The apparent deceptiveness of the world

by John Quiggin on August 29, 2006

Googling around in connection with my review of Unspeak, I came across an old LanguageLog post on The apparent deceptiveness of the world, which cites the paradoxical statement

Appearances are not deceptive; it only seems as if they are.

and invites Brian to analyse it (Since this predates both CT and Technorati, I’m not sure if there was any followup), saying

Clearly, if this is true, then it has to be false, and if false, it must be true. Yet it is not a standard liar-paradox sentence like as in classic liar sentences like This statement is false, or Everything I tell you is a lie, including this. It does not mention truth or falsity, or refer to itself. It is a metaphysical claim, as far as I can see. It speaks not about language or truth but about the nature of reality. It says (contrary to the old proverb) that reality does not present itself in a way that deceives our senses, and any perception we may have to the contrary is incorrect.

I think we can extract a coherent claim with the aid of Hamlet’s observation “For there is nothing either good or bad, but thinking makes it so”. I’d read the statement as saying something like “First appearances are not deceptive; it’s thinking about them that leads you astray”.

While this is obviously false as a general statement, it’s arguable that direct perceptions are usually closer to the mark than the results of the kinds of analysis (Freudianism, a lot of marxist and marxisant thinking, most public choice theory) that purport to strip away surface appearances and reveal the underlying truth.

Death Rates Again

by Kieran Healy on August 27, 2006

It’s depressing to see a professor of demography pull “this sort of stunt”:http://www.washingtonpost.com/wp-dyn/content/article/2006/08/25/AR2006082500940.html in the Washington Post:

bq. Between March 21, 2003, when the first military death was recorded in Iraq, and March 31, 2006, there were 2,321 deaths among American troops in Iraq. Seventy-nine percent were a result of action by hostile forces. Troops spent a total of 592,002 “person-years” in Iraq during this period. The ratio of deaths to person-years, .00392, or 3.92 deaths per 1,000 person-years, is the death rate of military personnel in Iraq. … One meaningful comparison is to the civilian population of the United States. That rate was 8.42 per 1,000 in 2003, more than twice that for military personnel in Iraq.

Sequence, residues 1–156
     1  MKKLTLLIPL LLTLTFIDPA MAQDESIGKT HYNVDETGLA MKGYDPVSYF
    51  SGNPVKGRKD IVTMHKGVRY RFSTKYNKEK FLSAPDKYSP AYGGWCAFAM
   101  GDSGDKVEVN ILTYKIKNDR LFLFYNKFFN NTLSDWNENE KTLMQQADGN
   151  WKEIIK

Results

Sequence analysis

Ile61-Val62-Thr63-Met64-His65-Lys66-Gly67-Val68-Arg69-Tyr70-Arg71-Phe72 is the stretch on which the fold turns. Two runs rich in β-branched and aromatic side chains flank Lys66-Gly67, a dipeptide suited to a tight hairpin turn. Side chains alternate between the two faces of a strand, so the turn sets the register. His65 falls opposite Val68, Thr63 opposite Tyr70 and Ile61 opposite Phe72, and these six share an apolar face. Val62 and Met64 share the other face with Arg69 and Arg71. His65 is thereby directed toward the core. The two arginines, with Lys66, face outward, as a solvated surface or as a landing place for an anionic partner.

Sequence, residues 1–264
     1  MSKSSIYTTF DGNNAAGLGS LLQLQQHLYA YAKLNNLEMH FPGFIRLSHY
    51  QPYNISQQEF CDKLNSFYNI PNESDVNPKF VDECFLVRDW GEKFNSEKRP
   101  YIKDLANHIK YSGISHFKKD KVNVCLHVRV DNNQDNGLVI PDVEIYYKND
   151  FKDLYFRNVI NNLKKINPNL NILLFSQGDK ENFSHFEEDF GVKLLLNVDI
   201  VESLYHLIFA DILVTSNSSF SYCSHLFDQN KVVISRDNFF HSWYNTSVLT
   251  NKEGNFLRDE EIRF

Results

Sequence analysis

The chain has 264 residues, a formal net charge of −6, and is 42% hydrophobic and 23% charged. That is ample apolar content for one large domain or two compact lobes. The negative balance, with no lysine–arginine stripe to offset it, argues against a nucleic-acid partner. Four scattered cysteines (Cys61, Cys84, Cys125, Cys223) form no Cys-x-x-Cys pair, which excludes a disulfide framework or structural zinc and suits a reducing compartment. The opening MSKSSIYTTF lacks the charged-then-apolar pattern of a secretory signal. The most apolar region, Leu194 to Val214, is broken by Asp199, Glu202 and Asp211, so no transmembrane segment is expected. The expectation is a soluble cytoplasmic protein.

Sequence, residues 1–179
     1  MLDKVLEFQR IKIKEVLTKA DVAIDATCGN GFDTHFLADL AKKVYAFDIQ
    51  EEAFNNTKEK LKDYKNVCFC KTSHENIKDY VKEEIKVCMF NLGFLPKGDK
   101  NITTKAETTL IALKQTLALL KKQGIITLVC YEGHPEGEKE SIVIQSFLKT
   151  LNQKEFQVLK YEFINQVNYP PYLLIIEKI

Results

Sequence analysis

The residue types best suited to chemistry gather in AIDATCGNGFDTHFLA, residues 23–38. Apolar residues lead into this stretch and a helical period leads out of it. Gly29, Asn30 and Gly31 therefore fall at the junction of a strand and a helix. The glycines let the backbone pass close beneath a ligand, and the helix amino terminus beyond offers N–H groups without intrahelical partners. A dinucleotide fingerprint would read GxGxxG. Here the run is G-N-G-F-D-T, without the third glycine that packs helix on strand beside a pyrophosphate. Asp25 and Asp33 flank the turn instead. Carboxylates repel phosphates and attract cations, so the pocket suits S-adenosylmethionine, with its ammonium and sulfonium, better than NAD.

What a joke. Note that the authors (Samuel H. Preston and Emily Buzzell) actually compare the crude death rate for the _entire population_ of the United States to that of U.S. service personnel in Iraq. Who knew so many people died in America from every conceivable cause every day? There ought to be a law.

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LIESNS PL8S

by Eszter Hargittai on August 27, 2006

In addition to taking pictures of restroom signs, I also enjoy looking around for interesting license plates. There are plenty of these in Illinois, apparently one in five drivers has one. I find this somewhat surprising given their cost: $76 extra for personalized plates and $123 for vanity plates (and who knew there was a difference between those two categories?).

I used to take a lot of pictures of them, but given the volume I have decided to focus mostly on ones that I can decipher and find at least somewhat interesting. Some of my favorites: EUROPA, KODALY, MAKE ART, GENEVE 4 (although that would be cleaner without the number), GOOGLE and MR PHOTO. For that last one I reversed course and went back to park on the street and capture it. I am serious about my collection.:) Among others’ photos, I’ve especially appreciated finds that have some Internet-related meaning (FLICKR‘s the best), but some others are fun as well (e.g. GRUETZI) plus the ones that are not obvious to decipher (although if they are too cryptic I’m likely to miss the meaning). Others are just outright curious, for example, who knew emotional expressions about one’s Mom is a popular theme (I LOV MUM, ILUVMA).

The issue of vanity plates can get tricky quickly as certain expressions are not always allowed. One has to wonder how closely suggested plates get scrutinized. Or would the reverse of a plate be checked (say, you want to send a message to those viewing your plate in their rear-view mirror, do state official consider the reverse reading of submitted requests)? Then there is the issue of specialty plates that support certain causes. The environmental ones don’t cause much contraversy, but the pro-life ones do.

Illinois has a search program available so you can check whether your preference is available. It turns out that mine is, but I’m not ready to spend the $123. I guess I could always just get a bumper sticker.

I see that there are plenty of vanity plates in Calfornia so I look forward to capturing those when I move there in a couple of weeks.